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International Journal of Case Reports and Images - IJCRI - Case Reports, Case Series, Case in Images, Clinical Images

     
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Differentiating a simple cyst or metastatic breast cancer: A medical dilemma
Waqas Jehangir1, Zorawar Singh2, Abdul I Mahmad1, Teena Mathew3
1MD, Raritan Bay Medical Center - Resident, Internal Medicine, Raritan Bay Medical Center, Perth Amboy, New Jersey, USA.
2Medical Student, Ross University School of Medicine - 4th Year Medical Student, Ross University School of Medicine, Portsmouth, Dominica, West Indies.
3MD, Raritan Bay Medical Center - Attending Physician, Internal Medicine, Raritan Bay Medical Center, Perth Amboy, New Jersey, USA.

doi:10.5348/ijcri-201461-CL-10049

Address correspondence to:
Waqas Jehangir
MD, 530 New Brunswick Ave
Perth Amboy, New Jersey
USA. 08861
Phone: 267-844-7119
Email: wjehangir@hotmail.com

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How to cite this article
Jehangir W, Singh Z, Mahmad AI, Mathew T. Differentiating a simple cyst or metastatic breast cancer: A medical dilemma. Int J Case Rep Images 2014;5(9):661–664.


Case Report

A 60-year-old American Hispanic female presented to the emergency room for gradual onset dizziness, associated with lightheadedness, double vision and nausea. She described her symptoms as vertigo-like. She has a known past medical history of breast cancer and was treated with surgery and chemotherapy. The patient had been in remission for over six years. Patient denied any recent travel outside United States. Physical examinations of the patient were within normal limits, apart from the dizziness. Patient did not complain of any weight changes, vision changes, or any focal neurological deficits.

Computed tomography (CT) scan of head (Figure 1) showed a large, 4.3 cm cystic mass projecting in the mid-posterior aspect of the cerebellum causing anterior displacement of the fourth ventricle. It was repeated again and the results were similar. Her last CT scan of head was done a year before which was completely normal. Magnetic resonance imaging (MRI) scan of the brain with and without contrast (Figure 2) showed multiple ring enhancing intra-axial masses, the largest centered at the vermis measuring nearly 4 cm and compressing the fourth ventricle mildly. In the differential was either a metastatic neoplasm from primary breast cancer or a parasitic infection (Table 1). Since the patient did not have any likely risk factors for parasitic infections, such as any recent traveling or interactions with cats or cat feces, the likelihood of a parasitic infection was low. The patient was subsequently treated with radiotherapy with complete resolution of symptoms.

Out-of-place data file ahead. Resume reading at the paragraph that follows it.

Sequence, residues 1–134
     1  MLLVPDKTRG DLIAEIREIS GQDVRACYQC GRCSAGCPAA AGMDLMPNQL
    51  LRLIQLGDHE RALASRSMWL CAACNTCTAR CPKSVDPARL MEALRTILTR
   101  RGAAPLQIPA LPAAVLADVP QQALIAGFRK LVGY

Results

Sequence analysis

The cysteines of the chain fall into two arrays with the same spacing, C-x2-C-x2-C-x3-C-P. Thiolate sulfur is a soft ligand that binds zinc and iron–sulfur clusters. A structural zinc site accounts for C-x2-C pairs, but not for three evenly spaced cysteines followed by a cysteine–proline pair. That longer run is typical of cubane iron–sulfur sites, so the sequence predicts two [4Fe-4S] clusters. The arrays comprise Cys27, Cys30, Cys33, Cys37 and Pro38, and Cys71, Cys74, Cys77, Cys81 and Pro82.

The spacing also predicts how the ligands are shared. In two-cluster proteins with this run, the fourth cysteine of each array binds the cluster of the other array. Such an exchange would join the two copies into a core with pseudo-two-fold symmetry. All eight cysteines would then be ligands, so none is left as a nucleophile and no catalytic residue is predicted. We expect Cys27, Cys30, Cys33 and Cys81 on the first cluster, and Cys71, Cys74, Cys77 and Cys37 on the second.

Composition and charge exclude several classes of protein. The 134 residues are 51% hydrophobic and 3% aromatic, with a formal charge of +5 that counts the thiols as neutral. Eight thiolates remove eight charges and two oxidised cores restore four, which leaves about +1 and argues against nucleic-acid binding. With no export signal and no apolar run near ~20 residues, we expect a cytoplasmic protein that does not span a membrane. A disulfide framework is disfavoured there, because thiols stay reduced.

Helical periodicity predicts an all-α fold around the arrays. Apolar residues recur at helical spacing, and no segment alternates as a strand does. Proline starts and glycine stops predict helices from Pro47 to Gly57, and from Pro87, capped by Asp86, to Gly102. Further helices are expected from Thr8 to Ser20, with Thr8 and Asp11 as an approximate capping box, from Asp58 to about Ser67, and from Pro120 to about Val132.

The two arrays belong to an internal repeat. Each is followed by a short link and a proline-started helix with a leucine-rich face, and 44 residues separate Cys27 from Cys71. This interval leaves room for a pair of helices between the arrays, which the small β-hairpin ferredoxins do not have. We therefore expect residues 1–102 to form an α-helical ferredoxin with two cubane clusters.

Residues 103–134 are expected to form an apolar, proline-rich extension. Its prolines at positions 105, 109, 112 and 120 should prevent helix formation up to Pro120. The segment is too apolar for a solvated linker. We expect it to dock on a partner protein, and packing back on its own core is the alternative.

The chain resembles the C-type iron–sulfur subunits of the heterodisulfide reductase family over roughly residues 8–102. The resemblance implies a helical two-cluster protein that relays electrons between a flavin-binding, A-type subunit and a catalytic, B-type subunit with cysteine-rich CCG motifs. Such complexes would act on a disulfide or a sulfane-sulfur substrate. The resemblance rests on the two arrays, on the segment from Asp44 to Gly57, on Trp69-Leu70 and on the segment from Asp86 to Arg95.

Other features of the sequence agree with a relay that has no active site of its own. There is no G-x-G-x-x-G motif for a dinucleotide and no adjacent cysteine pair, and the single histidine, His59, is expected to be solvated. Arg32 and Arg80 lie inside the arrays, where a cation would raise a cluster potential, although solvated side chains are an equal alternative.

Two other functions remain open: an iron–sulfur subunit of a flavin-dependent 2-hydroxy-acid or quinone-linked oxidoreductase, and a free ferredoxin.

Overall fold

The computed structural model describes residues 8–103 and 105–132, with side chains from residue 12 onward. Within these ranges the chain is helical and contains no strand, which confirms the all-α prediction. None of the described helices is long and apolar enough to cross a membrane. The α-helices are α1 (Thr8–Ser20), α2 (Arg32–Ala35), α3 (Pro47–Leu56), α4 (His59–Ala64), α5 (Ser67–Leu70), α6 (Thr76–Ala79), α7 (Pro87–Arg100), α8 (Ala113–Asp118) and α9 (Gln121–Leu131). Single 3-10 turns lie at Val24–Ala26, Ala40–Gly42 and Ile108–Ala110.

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Figure 1: Computed tomography scan of head without contrast showing a 4.3-cm cystic mass projecting in the mid-posterior aspect of the cerebellum causing anterior displacement of the fourth ventricle.



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Figure 2: Magnetic resonance imaging scan of brain without contrast showing multiple ring enhancing intra-axial masses, the largest centered at the vermis measuring nearly 4 cm and compressing the fourth ventricle mildly.



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Table 1: Differential diagnosis of cystic brain lesion


Discussion

This case illustrates the importance of suspecting a metastatic neoplasm in the brain in a patient who presents with neurological abnormalities and has a past history of a malignancy. Although the patient had been in remission from breast cancer for more than six years, and had a normal head CT scan a year ago, this case shows how quickly a metastatic lesion can resurface and present itself. Breast cancer patients who achieve a pathological complete response after neoadjuvant chemotherapy usually have a favorable prognosis [1] [2][3]. From this case, we can learn that the breast cancer may have been eradicated from the original source, but we should always be suspicious of the malignancy re-emerging in other parts of the body. As physicians, we also must be aware of many of the symptoms of metastasis in women who have been eradicated of breast cancer, those symptoms include, but are not limited to, severe headaches, generalized fatigue, dizziness, vertigo, blurry vision, hypotension, difficulties with balance and coordination, and even polyuria and polydipsia [4] [5] .